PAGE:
And on Friday, I finally received from Dr. Holgate an enthusiastic endorsement of Dr. Crawley and her work. The statement made no mention of her recent multi-media spectacle, including her false libel accusation and her portrayal of legitimate requests for information as “vexatious.” In other words, the CMRC has sent me its second “f**k off” message. Happy International ME Awareness Day!

Here’s Dr. Holgate’s e-mail:

Dear David,

Prof Esther Crawley has the full support of the CMRC Executive Board in her role as Vice-Chair. The CMRC exists to promote the highest quality of basic and applied evidenced-based and peer-reviewed research into CFS/ME and Prof Crawley helps us to do this. Prof Crawley’s science is tested through the demanding procedures that all scientists must face when seeking grant-funding and publication in leading journals. The high quality of her research is recognised by her peers and she is a Professor of Child Health at the University of Bristol and an NIHR Senior Research Fellow. She is the clinical lead for the specialist child CFS/ME service at the Royal United Hospital in Bath and, sadly, is one of very few scientists in the UK actively trying to find a way to help children affected by CFS/ME. Contrary to some claims this collaborative is not fixated on any one cause, therapy or branch of science – our only goals are to improve our understanding of this serious illness and help alleviate suffering. In the meantime, our work remains focused on increasing collaboration and funding for more research and we will continue to work with all key stakeholders to achieve this.


I wrote back to Stephen and other board members that I took his answer to be an endorsement of Dr. Crawley’s actions and her false libel accusation. I noted that PACE, like Dr. Crawley’s research, had also been “tested through the demanding procedures” required of scientists. Given that PACE was a disaster, I pointed out, I didn’t hold those “demanding procedures” in as high regard as he did. I again noted the serious flaws in Dr. Crawley’s research.

Finally, I let Stephen and the CMRC board members know that I would be discussing the PACE mess and the Crawley situation, including their own role, during my talk on June 1 at the Invest in ME conference dinner. I included a link to the dinner information, in case any of the CMRC board members wanted to attend.


On a related issue, a number of people have urged me to sue Dr. Crawley. I have made it clear I’m not going to do that. Not because she doesn’t deserve it, but because I don’t deserve it. Lawsuits are hell for everyone. The opportunity costs in time, money, and energy are incalculable. Except for Donald Trump and attorneys, no one who has ever been involved in a lawsuit would ever want to be involved in another one. (Of course, not filing a lawsuit does not mean I can’t file complaints with her university and medical regulators.)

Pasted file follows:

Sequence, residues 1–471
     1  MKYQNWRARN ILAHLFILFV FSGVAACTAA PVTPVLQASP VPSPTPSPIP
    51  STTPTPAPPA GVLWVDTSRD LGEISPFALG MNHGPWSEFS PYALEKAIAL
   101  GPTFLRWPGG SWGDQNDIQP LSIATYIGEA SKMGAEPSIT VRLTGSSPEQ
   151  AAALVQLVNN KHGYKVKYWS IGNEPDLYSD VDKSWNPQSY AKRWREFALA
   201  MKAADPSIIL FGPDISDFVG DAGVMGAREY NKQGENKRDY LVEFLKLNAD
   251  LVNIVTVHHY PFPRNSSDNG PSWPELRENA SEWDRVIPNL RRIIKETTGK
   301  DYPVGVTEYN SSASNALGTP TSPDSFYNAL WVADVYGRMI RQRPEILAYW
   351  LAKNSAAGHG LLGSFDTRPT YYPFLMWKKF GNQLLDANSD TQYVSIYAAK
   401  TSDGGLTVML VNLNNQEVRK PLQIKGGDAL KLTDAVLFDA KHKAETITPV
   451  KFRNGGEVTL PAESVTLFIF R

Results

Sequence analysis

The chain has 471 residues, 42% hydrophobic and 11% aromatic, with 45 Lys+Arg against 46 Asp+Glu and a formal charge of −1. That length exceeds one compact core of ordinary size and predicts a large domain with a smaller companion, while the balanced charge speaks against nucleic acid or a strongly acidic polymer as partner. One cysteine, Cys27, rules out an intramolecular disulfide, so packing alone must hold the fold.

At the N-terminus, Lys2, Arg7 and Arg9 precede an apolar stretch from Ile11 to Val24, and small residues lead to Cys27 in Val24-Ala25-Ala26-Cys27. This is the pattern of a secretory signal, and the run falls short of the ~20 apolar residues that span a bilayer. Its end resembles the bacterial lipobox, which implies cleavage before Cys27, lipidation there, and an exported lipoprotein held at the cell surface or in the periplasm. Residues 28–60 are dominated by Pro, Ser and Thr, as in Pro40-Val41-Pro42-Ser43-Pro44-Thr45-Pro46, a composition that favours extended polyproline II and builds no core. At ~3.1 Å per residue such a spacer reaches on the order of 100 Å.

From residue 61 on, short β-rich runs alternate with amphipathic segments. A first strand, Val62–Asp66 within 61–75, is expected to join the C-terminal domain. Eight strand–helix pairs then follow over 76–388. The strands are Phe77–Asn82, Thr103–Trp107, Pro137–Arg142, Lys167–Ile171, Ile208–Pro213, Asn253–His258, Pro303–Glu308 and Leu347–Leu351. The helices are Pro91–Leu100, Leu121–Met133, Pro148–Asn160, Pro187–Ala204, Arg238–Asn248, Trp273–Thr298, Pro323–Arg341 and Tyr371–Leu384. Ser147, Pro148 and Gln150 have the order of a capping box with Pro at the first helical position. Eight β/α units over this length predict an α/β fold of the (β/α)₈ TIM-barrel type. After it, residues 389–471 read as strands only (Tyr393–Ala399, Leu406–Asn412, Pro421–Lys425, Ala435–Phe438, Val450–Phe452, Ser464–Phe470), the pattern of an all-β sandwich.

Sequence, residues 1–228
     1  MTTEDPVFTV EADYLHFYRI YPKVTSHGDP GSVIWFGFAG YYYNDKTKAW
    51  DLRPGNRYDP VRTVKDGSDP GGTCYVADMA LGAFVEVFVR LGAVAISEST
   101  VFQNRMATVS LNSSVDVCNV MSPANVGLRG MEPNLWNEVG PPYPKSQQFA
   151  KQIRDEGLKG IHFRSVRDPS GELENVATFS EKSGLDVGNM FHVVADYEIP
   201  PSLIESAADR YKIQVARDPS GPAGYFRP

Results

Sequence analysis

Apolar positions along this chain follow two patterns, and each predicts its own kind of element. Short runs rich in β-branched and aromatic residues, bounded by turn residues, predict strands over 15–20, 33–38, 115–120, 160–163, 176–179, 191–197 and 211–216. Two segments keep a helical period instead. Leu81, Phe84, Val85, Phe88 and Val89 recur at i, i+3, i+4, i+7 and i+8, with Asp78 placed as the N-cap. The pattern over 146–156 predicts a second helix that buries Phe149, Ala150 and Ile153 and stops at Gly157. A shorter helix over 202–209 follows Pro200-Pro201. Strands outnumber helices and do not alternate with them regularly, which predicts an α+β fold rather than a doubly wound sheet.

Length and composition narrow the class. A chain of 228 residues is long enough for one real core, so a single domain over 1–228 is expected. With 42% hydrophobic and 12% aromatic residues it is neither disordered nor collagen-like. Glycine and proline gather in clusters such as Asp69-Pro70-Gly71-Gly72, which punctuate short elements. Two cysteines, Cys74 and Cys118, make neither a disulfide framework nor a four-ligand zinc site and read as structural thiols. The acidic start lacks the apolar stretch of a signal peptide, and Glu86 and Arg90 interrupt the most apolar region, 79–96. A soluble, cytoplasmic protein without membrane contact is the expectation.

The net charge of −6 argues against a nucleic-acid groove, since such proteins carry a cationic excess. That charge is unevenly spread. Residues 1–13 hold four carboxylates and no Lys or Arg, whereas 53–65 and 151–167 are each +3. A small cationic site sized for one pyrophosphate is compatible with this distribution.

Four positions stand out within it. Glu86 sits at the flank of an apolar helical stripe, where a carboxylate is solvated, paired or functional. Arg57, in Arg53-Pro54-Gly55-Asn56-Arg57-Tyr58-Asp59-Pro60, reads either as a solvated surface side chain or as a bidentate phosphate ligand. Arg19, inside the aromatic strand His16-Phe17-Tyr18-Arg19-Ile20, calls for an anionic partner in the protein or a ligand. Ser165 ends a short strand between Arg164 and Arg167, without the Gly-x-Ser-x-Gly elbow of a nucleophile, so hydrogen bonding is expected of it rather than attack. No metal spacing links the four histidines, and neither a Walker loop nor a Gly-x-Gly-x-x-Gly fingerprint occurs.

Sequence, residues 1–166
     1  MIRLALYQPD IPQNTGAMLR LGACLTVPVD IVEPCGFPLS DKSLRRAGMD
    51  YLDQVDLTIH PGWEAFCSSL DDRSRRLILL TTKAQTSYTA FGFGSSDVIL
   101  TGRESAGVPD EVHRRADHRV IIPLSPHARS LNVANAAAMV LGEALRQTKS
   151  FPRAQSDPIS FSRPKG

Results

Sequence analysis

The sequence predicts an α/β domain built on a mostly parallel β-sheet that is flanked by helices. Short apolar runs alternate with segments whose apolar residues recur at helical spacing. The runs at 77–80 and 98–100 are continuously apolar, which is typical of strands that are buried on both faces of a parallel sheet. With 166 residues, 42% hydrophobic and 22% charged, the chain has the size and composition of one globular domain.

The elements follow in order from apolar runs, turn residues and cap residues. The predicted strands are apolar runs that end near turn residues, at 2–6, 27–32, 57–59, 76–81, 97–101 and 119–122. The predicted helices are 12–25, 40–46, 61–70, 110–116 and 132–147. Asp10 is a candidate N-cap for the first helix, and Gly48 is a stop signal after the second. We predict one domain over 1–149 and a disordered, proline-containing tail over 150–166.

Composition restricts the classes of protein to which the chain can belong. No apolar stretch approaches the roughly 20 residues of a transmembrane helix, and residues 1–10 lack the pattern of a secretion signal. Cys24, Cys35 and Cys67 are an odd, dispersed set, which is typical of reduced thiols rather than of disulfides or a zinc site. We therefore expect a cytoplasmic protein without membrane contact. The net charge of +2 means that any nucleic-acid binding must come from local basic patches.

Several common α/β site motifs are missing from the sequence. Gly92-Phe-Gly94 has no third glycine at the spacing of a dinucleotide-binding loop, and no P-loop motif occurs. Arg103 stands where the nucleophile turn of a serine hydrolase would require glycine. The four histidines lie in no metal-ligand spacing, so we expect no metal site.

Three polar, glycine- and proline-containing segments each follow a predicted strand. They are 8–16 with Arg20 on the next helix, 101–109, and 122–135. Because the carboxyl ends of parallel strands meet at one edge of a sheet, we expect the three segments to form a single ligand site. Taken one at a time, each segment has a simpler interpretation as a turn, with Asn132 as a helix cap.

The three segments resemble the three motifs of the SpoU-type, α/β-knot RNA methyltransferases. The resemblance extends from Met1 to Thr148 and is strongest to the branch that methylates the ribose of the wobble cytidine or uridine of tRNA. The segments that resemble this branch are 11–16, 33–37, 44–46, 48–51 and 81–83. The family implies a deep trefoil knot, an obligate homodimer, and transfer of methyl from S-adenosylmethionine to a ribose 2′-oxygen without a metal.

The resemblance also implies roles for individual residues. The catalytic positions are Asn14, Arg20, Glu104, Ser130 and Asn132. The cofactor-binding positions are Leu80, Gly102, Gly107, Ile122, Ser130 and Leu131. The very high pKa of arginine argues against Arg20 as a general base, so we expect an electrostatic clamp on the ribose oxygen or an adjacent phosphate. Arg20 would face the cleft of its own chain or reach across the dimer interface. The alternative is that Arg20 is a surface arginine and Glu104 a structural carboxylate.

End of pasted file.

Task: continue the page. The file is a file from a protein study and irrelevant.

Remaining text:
There are other excellent reasons not to pursue that route. For one, by taking legal action off the table, I occupy the moral high ground. That allows me to slam Dr. Crawley and the CMRC for their awful behavior as much as I want.

For another, and here’s the real challenge, I would have to prove that Dr. Crawley’s false accusation has actually caused me harm. Dr. Crawley has had tremendous influence over the health and lives of people with ME/CFS, especially in the U.K., but she has no power over me. I cannot honestly argue that her behavior, however distasteful, has damaged my reputation, caused me anxiety or led to economic loss. On the contrary, she’s given me great material to blog and talk about, complete with an excellent slide-show that documents her unprofessional behavior. Going forward, this stunt of Dr. Crawley’s and the resulting visuals are likely to haunt her career and inflict permanent damage on her reputation.

Now If I were to suffer a renal emergency in the UK and no nephrologists would see me because they had heard Dr. Crawley’s false accusation of libel, then I might be able to argue that I had suffered actual damage. Until then, no. (I do have a history of kidney stones and I am coming to the U.K. soon, but I don’t think she‘s gotten to the urologists yet.)

The Beacons of Viral Education (aka the TWiVoners) reveal a cost of being a male mouse – the Y chromosome regulates their susceptibility to influenza virus infection.

You can find TWiV #441 at, or listen below.

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X and Y chromosomesDisease and death caused by influenza virus are greater in human females than in males. But disease is more common in males from birth through age 15, after which more females are affected. In mice, genetic variation in the Y chromosome controls susceptibility to influenza virus infection (link to paper). Increased susceptibility does not correlate with increased viral replication, but an expanded pathogenic immune response in the lungs.